Gestational Diabetes

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Who is at highest risk of developing gestational diabetes?
 

Some women are at higher risk of developing gestational diabetes, including those:

  • overweight before pregnancy (BMI of 30 or higher)
  • who gain too much weight during pregnancy (more than the recommended weight gain)
  • older than 25 years
  • with a history of gestational diabetes
  • with a family history of diabetes
  • of African‐American, Asian, Hispanic or Native American descent

 

How is gestational diabetes diagnosed?
 

Most women receiving good prenatal care are routinely tested for gestational diabetes between weeks 24‐28 of their pregnancies. If you are at high risk of developing gestational diabetes, your doctor may check earlier and/or more than once during your pregnancy.

The test for gestational diabetes involves drinking a sweet drink provided by your doctor and having blood tests taken before and after the drink. If the results show that your blood glucose levels are higher than the recommended cut off limits at the specified times, a diagnosis of gestational diabetes is confirmed. Your doctor will talk to you about a treatment plan for gestational diabetes.

 

Why is it important to treat gestational diabetes?
 

As a mom, your instinct is to protect your child. It’s important to treat gestational diabetes as soon as it is diagnosed for your health and your baby’s health. If gestational diabetes is untreated, problems can occur. These include:

  • An increased chance of delivering a large baby weighing more than 9 pounds (4 kg), a condition known as macrosomia. This increases the chance of:
    • difficulty and injury during vaginal birth, and
    • a cesarean section (C‐section)
  • A high risk for pre‐term birth and breathing problems (respiratory distress) for your baby
  • A high risk for low blood sugar (hypoglycemia) in your baby soon after delivery
  • A higher chance of preeclampsia and high blood pressure for you

Following your doctor’s care plan and managing your gestational diabetes carefully can help greatly reduce the risk of developing these complications.

 

What can you expect when diagnosed with gestational diabetes?
 

If you are diagnosed with gestational diabetes:

  • Your doctor will recommend a healthy, carbohydrate‐controlled diet and exercise. In many cases, these steps will be enough to manage your blood glucose levels for the rest of your pregnancy.
  • You may need to work with a registered dietitian to create a healthy eating plan. The dietitian can teach you how to manage the amount and types of carbohydrates you eat to help control your blood glucose levels while still meeting your pregnancy needs. You may also be asked to keep a food journal and track your weight.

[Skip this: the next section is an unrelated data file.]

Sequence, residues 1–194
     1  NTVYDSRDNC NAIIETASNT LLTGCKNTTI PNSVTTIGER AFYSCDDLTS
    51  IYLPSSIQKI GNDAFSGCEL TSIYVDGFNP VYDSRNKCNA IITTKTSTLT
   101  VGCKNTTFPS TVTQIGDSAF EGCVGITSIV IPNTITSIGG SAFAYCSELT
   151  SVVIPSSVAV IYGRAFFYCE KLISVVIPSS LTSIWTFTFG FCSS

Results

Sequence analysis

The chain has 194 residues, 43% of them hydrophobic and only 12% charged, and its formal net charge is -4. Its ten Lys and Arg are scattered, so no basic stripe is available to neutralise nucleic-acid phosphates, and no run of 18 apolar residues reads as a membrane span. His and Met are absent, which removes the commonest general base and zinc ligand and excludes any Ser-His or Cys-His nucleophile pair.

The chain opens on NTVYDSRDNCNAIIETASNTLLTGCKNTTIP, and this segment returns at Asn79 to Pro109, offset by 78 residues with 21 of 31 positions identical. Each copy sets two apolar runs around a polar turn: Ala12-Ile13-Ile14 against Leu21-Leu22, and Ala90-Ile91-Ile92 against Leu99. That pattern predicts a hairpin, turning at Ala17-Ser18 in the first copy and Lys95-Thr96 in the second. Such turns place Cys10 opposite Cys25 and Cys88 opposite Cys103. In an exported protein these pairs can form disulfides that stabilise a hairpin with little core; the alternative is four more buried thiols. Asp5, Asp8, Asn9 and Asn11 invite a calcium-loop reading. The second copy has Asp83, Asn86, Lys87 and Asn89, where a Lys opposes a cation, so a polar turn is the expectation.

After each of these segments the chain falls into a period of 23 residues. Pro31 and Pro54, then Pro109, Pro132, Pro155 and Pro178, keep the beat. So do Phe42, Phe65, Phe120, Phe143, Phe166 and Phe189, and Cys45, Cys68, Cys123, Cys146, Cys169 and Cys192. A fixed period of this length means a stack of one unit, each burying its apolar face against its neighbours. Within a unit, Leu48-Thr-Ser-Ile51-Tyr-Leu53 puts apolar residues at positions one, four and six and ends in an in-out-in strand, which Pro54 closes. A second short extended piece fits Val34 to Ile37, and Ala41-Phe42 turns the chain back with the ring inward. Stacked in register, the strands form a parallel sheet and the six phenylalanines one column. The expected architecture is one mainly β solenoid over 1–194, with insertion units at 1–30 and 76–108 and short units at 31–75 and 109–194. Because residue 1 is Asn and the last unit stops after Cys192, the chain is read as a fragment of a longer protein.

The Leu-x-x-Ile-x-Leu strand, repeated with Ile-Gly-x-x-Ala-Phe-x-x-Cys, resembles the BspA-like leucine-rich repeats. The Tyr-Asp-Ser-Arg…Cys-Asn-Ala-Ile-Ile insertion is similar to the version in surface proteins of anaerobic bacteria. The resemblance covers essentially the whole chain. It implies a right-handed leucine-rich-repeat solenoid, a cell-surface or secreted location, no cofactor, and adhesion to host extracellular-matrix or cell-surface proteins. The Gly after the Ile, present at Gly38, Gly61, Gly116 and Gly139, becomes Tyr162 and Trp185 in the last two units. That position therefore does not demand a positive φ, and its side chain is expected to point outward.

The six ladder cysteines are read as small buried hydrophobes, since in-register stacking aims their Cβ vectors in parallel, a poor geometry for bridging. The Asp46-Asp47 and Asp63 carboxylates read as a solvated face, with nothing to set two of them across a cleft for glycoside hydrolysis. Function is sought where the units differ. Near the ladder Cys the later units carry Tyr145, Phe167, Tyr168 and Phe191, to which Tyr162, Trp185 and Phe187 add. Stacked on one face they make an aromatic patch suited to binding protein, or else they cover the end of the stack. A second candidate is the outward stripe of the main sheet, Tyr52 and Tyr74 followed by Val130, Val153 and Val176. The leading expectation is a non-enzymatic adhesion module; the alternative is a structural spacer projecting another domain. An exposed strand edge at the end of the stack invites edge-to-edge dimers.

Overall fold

• You may need to check your blood glucose daily at home, using a blood glucose meter. Ask your doctor or diabetes educator to recommend a blood glucose meter that is right for you. Testing and tracking your blood glucose will help you and your healthcare professionals manage your gestational diabetes.
  • It is common to have to check your blood glucose four or more times a day, usually fasting and then 1 to 2 hours after meals. Your doctor or health care professional will tell you how often to test and your blood glucose target range. Don’t forget to keep a record of your blood glucose tests, including when you test, what your result is, and whether it was before or after eating, including how long after eating.
  • Gentle exercise during pregnancy will help control your blood glucose levels. Types of exercises pregnant women can safely enjoy, include brisk walking and swimming. Talk to your health care professionals and get guidance for safe exercise with pregnancy.

At your obstetrician visits, your blood pressure and urine may be checked. You will also discuss your blood glucose test results with your doctor, as well as what you have been eating, how much you have been exercising, and how much weight you have gained. Your growing baby will also be monitored closely. All of this will help determine if the treatment plan for gestational diabetes is working and when changes may be needed.

If changing your eating plan and adding exercise do not keep your blood glucose levels in check, your doctor may recommend diabetes medicines: pills or Injections for the rest of your pregnancy.

 
Sources:
 

IDF Diabetes Atlas (8th Ed.) (2017). International Diabetes Federation: Brussels, Belgium. Online version accessed September 9, 2019

Mayo Clinic. Gestational Diabetes Symptoms and Causes. Online version accessed September 9, 2019

Mayo Clinic. Gestational Diabetes Diagnoses and Treatment. Online version accessed September 9, 2019

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